And here is my third and (for the moment) final post on the UK’s draft new money laundering regulations. One little phrase jumped out at me in the consultation document: “EDD is a sliding scale”. The point is made in reference to PEPs (which I discussed last time), but it struck me that this aspect of EDD is often overlooked: people think that there is one level of EDD that comes into play the moment a client falls into a high risk category.
The best analogy is perhaps with the speeding offence. Looking at the speeding sentencing guidelines here in the UK, you will see that there are degrees of driving exuberance. If you’re in a 30mph zone and you do more than 30 but less than 40, it’s one band, then from 41 to 50 it’s another and so on. So if your client is only mildly high risk – say he is a citizen of a high risk jurisdiction, but everything else about him is completely standard – then you can apply a lower level of EDD than you would to a client who is a PEP in a high risk jurisdiction, wanting to set up a convoluted corporate structure in order to service his new Bitcoin and arms dealing empire.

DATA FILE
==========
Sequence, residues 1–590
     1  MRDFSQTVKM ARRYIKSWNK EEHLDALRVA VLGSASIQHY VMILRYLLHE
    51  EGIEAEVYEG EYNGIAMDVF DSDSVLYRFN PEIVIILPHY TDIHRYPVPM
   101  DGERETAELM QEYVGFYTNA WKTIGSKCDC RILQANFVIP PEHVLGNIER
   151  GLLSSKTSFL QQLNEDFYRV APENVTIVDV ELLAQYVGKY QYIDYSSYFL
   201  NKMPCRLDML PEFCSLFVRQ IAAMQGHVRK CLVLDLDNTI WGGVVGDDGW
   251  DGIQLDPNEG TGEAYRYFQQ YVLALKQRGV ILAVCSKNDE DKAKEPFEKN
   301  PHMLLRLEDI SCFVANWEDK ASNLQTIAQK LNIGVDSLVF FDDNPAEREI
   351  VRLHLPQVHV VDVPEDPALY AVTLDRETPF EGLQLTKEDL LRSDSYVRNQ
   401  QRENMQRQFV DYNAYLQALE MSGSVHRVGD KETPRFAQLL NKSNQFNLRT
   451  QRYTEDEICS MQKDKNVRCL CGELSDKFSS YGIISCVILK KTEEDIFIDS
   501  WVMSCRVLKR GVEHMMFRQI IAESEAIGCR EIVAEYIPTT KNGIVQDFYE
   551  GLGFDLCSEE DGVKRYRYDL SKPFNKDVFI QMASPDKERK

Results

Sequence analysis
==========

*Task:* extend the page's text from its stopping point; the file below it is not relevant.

Indeed, this idea of varying levels of EDD is supported by the JMLSG Guidance Notes for the UK financial sector, in a paragraph (4.51) that is unchanged in the revised version of the GN that has recently been put out for consultation (there’s a few more blog posts in the making): “Where the risks of ML/TF are higher, firms must conduct enhanced due diligence measures consistent with the risks identified… Examples of EDD measures that could be applied for higher risk business relationships include…” and then a menu of options (not a prescriptive list) is given. It may be tempting to have one category of EDD, but this is neither a proportionate reaction to risk, nor required by legislation.